In an article published on February 1, 2016 the news provider Science Daily reports on a new study investigating the effects of bisphenol A (BPA, CAS 80-05-7) and bisphenol S (BPS, CAS 80-09-1) on embryonic development of zebrafish. The study was published in the peer-reviewed journal Endocrinology and conducted by researchers Wenhui Qiu and colleagues from Shanghai University, China, and the University of California, Los Angeles, U.S. The researcher exposed zebrafish embryos to environmentally relevant, low levels of BPA and BPS. They observed advanced hatching time, increased numbers of brain cells controlling puberty and fertility (reproductive endocrine neurons), and increased expression of reproduction-related genes. Further, antagonists of estrogen receptor (ER), thyroid hormone receptor (THR), and enzyme aromatase (AROM) blocked many of the effects of BPA and BPS on reproduction-related gene expression. This provides evidence that ER, THR, and AROM pathways mediate actions of BPA and BPS on the reproductive neuroendocrine system. Qiu and colleagues conclude that BPS is not necessarily safer than BPA, for which it is used as an alternative. According to the researchers, BPA and BPS are likely to also affect human health and prenatal exposure could lead to premature birth, premature puberty and disruption of the reproductive system.

The American Chemistry Council (ACC) commented on the study in a news release stating: “The relevance for human health of this limited study on zebrafish is unclear. The findings of the study do not demonstrate that low levels of BPA have any effects on human health, as suggested by the authors.”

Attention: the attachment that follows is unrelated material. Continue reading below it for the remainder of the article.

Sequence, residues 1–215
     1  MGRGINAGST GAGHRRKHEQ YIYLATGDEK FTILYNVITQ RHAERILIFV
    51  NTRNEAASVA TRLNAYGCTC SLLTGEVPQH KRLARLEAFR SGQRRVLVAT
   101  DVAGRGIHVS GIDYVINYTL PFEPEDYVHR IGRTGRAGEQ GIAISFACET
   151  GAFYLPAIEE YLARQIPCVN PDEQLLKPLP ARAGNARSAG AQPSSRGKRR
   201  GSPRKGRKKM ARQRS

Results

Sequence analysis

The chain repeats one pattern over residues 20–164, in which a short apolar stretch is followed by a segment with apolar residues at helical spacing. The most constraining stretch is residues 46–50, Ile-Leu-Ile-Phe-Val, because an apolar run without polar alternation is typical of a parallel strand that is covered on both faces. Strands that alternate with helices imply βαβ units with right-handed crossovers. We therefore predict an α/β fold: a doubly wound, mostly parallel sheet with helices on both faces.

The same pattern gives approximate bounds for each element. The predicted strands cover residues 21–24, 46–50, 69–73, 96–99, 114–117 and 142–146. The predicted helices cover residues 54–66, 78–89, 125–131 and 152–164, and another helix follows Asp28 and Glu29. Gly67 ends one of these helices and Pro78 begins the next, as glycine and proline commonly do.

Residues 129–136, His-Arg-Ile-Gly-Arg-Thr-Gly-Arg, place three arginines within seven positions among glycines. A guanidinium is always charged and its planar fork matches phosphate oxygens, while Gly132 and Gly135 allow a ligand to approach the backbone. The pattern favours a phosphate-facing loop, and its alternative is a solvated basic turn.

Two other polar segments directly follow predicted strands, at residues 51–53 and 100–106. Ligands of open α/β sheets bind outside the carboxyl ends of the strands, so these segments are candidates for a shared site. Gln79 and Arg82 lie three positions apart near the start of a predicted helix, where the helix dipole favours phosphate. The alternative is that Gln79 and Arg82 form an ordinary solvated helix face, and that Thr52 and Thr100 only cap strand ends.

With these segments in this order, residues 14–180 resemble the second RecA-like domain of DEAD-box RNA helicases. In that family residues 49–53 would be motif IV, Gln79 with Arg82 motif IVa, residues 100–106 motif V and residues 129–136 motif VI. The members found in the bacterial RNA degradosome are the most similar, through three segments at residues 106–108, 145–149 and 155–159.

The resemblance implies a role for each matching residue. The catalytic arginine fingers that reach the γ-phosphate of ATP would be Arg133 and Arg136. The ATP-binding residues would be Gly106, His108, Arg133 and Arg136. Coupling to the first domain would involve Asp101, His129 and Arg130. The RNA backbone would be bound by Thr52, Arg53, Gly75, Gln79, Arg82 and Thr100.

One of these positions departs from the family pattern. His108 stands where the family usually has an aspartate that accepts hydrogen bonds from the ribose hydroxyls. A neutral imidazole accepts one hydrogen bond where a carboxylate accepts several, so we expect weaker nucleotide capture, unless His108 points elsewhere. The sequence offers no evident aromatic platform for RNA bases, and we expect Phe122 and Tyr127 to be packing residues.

Read more

Science Daily (February 1, 2016). “‘BPA-free’ plastic accelerates embryonic development, disrupts reproductive system.

ACC (February 1, 2016). “Study on zebrafish, BPA and BPA substitute has limited relevance to human health.

Sandee LaMotte (February 1, 2016). “BPA-free plastic alternatives may not be safe as you think.CNN

Rebecca Trager (February 11, 2016). “Doubts raised about key BPA substitute.” ChemistryWorld


Qiu, W. et al. (2015). “Actions of bisphenol A and bisphenol S on the reproductive neuroendocrine system during early development in zebrafish.Endocrinology (published online December 10, 2015).